“Since the years under Hu Yaobang, young cadres hailing from the youth league had been nurtured as future ministerial-rank officials,” said Shanghai-based political scientist Chen Daoyin. “But fast forward 30 years, they no longer fit Xi’s promotion standards as required by his governing ideas or political line.”

Hu Yaobang, the late party chief who was outed by Deng for being too liberal, was previously a leader of the youth league, which became a base of liberal-leaning cadres in the 1980s.

During a meeting with top youth league officials in 2013, Xi lambasted it for falling “out of step with the times” and losing connection with youth, and chided its officials for their “bureaucratic and arrogant air”. Last year it was excoriated by party discipline inspectors for its self-serving attitude, with some cadres accused of seeing themselves as “political aristocrats”.

Among the 25 younger officials promoted into the 17th Central Committee, eight hailed from Hu Jintao’s youth league power base, and it also provided the youngest member of the 18th Central Committee five years ago, 42-year-old alternate member Liu Jian. He was not re-elected this year.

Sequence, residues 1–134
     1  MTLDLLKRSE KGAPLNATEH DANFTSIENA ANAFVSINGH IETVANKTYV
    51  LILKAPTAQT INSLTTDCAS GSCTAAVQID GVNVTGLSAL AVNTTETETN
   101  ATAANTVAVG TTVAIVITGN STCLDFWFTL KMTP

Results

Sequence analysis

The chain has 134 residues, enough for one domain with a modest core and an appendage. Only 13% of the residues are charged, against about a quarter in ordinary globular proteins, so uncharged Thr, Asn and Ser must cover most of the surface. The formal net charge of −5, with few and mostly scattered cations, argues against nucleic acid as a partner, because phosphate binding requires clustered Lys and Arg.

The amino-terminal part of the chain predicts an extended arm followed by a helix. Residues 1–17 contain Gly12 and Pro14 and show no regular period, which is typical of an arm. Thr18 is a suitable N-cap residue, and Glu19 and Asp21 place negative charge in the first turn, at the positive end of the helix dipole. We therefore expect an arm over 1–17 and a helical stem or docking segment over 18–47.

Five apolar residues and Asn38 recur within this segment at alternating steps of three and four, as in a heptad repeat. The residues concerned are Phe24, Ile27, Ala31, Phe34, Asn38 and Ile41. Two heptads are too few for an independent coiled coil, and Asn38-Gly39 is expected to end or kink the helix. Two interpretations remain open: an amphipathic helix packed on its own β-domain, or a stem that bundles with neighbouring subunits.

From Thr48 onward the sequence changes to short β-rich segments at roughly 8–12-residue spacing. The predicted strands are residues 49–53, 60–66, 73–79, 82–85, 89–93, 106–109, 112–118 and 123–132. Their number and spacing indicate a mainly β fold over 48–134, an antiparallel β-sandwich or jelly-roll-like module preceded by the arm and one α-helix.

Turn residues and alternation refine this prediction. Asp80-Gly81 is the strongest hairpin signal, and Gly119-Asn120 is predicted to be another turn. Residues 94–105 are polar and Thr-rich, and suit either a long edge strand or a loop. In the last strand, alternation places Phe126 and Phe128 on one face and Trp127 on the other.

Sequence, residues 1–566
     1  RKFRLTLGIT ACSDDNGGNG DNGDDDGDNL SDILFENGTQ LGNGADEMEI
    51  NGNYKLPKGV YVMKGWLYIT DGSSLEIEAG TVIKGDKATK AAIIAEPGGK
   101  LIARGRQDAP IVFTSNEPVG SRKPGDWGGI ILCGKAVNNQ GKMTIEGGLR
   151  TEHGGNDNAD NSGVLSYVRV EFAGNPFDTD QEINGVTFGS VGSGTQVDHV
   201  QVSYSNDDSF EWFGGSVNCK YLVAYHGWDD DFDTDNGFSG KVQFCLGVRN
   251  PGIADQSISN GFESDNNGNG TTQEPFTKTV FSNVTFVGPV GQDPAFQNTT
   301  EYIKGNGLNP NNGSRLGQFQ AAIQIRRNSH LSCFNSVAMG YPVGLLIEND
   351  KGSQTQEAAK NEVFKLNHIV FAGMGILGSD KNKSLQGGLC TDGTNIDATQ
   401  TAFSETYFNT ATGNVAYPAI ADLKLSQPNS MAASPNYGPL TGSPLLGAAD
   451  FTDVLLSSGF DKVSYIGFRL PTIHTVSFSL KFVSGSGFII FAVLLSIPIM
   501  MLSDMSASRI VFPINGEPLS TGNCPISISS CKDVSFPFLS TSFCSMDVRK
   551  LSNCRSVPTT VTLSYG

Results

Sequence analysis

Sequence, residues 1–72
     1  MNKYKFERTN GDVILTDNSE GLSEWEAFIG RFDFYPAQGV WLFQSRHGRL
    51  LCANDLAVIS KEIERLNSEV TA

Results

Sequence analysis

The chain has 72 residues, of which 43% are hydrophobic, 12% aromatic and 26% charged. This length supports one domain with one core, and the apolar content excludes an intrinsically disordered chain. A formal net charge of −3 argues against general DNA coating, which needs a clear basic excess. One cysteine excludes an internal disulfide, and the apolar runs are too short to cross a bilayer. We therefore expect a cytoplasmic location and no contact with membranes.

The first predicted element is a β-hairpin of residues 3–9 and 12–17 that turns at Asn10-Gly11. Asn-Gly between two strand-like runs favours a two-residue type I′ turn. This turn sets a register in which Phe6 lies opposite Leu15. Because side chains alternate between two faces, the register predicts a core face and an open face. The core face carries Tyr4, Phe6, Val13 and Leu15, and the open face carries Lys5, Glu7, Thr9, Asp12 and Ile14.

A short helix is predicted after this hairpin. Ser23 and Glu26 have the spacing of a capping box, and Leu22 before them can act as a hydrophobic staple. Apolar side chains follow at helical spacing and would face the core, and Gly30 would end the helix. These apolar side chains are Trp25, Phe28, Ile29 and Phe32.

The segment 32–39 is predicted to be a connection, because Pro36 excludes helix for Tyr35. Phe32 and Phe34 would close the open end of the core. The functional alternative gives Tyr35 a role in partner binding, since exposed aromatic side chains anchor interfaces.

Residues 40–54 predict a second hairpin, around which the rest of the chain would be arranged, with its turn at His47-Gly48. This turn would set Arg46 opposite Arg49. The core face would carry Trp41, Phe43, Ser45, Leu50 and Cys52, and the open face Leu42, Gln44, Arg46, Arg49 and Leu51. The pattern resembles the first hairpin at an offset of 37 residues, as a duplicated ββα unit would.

“Many of the 1970s officials who were senior enough to have a shot for promotion [into the Central Committee] are from the Youth League,” Chen said. “And now they’ve all been barred.”

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While some observers worry the party will eventually face the risk of another generation gap due to the current underrepresentation of young blood in its leadership, Chen said Xi could avoid that by working with his personnel chief, Chen Xi, to fast-track the promotion of young cadres who fitted in with his governing philosophy.

Party Organisation Department chief Chen Xi, who studied chemical engineering alongside Xi at Tsinghua University in Beijing in the 1970s, is widely seen as a close confident of the party leader.

“Many officials have gone through two-step promotions at this congress,” Chen Daoyin said. “We can expect more 1970s officials to follow suit in the future.”

Stepan said the lack of young faces in the Central Committee might also mean the party had been having a harder time recruiting talent.

“The group of people born in the 1970s had different career opportunities and show different career paths than the ones born in the 1950 and 1960s,” he said. “Being a cadre is no longer the most obvious choice to make a career and contribute to the rise of China.”